Location: Botanical Gardens. The piece was originally at Moorhead, but was moved in 1961 or 1957 (accounts differ), and the central granite column not re-erected, so that the statue now stands on top of the original base only. Individual blocks from the column can be found in Hammond Street as part of a children's play area. The stone lions on the original were too badly weathered to be installed in the Botanical Gardens but two moulds have been made from them by Chris Boulton. These were cast in bronze and can be found in Castle Square. The capitol from the column has not yet been reused in the city.
[Update: 2005] The statue has now been removed during the refurbishment of the Botanical Gardens (2003 - 2005). It will not be sited here again. The plan for the Botanical Gardens was to restore the view from the glasshouses that was created in the original gardens. This has now been achieved. The Crimea Monument is in store and, while it is intended to relocate it elsewhere in Sheffield, a suitable site has yet to be confirmed.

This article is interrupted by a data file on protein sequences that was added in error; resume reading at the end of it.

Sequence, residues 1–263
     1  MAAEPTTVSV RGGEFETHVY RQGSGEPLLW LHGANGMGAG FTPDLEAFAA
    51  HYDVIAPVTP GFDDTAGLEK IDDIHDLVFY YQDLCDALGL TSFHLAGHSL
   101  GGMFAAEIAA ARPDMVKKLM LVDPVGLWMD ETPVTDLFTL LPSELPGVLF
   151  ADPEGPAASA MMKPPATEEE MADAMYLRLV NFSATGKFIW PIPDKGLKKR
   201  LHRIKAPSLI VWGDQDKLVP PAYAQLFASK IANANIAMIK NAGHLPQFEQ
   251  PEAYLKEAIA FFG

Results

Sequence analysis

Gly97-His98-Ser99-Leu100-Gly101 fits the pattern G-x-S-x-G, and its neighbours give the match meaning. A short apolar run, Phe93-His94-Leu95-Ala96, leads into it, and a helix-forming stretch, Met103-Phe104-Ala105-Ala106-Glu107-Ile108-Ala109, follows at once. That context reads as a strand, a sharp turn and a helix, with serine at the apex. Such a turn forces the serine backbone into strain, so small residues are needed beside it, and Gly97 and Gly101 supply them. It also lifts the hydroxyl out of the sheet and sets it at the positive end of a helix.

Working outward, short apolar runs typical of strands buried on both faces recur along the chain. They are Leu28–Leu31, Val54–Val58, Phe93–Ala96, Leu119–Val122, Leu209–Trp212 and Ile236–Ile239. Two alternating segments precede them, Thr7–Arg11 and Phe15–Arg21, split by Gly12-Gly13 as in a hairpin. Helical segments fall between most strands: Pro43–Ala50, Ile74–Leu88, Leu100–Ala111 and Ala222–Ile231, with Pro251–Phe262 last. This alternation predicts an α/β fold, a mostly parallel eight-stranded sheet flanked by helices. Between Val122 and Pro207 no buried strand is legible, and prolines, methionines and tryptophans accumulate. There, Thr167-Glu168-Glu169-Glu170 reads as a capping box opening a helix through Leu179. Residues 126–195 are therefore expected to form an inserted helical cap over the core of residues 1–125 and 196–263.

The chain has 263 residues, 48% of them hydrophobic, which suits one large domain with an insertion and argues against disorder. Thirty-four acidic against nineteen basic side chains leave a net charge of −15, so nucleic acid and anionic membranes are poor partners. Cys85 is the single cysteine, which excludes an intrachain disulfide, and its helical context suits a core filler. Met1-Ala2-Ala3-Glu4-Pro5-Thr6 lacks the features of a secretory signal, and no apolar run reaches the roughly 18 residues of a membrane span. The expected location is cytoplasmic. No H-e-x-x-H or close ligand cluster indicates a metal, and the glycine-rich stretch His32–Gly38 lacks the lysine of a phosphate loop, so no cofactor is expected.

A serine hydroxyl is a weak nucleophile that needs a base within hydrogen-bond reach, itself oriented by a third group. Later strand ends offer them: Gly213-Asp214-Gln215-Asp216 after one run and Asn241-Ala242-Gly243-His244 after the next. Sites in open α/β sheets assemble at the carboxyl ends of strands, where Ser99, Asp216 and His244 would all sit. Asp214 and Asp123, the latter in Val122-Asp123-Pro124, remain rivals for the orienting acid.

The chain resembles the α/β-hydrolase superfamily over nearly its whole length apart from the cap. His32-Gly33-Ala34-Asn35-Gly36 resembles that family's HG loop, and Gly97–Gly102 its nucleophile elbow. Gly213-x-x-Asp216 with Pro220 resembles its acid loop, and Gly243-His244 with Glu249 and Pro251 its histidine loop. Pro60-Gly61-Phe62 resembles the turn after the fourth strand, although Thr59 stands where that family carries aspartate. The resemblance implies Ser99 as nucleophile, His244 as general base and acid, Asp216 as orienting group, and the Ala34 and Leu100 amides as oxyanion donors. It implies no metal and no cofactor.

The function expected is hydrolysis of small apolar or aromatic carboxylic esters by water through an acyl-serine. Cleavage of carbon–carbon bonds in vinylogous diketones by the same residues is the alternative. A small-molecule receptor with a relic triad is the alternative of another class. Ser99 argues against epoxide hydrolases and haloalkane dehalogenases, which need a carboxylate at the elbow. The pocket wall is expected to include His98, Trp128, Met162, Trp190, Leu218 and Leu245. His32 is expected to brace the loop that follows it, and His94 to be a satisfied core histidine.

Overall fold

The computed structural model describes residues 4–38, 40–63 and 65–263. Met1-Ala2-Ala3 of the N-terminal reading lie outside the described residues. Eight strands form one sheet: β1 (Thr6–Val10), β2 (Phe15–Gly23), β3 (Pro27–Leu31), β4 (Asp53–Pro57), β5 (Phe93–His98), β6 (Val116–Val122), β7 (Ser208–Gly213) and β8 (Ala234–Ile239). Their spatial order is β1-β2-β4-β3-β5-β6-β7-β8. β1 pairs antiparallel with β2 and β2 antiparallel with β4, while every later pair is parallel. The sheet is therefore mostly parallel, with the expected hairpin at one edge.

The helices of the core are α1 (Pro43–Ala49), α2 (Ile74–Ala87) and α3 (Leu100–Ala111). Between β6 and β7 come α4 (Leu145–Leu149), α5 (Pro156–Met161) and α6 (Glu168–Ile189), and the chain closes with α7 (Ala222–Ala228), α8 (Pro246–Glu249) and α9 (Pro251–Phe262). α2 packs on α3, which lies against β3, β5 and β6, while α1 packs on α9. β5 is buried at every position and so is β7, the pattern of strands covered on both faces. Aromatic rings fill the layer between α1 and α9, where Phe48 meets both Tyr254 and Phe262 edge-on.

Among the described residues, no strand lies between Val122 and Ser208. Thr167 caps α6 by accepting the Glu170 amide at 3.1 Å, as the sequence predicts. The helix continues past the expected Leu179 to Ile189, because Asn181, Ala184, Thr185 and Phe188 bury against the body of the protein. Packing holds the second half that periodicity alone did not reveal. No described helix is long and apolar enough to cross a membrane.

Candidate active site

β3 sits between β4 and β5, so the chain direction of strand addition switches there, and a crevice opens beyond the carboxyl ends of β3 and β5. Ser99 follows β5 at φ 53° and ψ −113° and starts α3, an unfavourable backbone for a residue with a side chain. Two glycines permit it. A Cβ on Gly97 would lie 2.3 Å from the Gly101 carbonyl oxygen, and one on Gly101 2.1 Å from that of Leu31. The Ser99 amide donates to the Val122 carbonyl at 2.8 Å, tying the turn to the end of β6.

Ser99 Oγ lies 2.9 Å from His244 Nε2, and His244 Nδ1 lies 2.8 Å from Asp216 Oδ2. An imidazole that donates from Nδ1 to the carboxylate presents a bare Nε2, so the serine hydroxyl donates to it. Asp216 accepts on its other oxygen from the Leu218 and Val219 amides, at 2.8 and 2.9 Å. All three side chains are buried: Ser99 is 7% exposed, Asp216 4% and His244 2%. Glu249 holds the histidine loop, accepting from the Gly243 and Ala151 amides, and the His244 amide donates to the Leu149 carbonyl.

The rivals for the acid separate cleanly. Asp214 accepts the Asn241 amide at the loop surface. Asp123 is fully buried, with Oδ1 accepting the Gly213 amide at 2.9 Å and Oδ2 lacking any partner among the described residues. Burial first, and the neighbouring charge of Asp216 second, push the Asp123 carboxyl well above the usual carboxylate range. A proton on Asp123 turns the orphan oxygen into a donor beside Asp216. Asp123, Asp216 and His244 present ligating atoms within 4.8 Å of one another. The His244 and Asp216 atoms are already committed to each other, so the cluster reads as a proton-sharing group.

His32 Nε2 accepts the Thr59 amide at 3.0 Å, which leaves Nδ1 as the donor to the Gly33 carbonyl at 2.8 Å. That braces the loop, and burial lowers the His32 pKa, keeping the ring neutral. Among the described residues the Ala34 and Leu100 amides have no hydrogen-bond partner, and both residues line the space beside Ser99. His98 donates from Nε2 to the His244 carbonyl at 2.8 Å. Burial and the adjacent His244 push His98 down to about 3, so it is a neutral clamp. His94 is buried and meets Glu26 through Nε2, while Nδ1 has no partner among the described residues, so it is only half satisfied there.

Description: Seated figure of Queen Victoria depicted as "Honour" on a square stone base. This was made by Lane, a Birmingham based sculptor. The rest of the monument was designed by George Goldie, an architect who worked in practice with Matthew Hadfield (1850-1860). The figure's left hand, holding a laurel wreath, is missing. The original piece stood on its granite column as early photographs show; surrounded at its base by railings, a cannon, a circular wall to one side topped by stone lions, and the entrance to public conveniences which were below the surface of the road. The inscription on the base reads: THIS MONUMENT IN / MEMORY OF THOSE / NATIVES OF SHEFFIELD / WHO FELL IN THE WAR / IN THE CRIMEA / WAS ERECTED BY PUBLIC / SUBSCRIPTION AD 1863
Commission: Public subscription, erected 1863. Florence Nightingale was apparently one of the subscribers. Comment: It is interesting to compare the statue now with older photographs showing it in its original site and state.
Acknowledgements: Some of this information has come from 'The Unseen the Unsightly and the Amusing in Sheffield' by J. Edward Vickers (1997) Hallamshire Press and from CECTAL, University of Sheffield.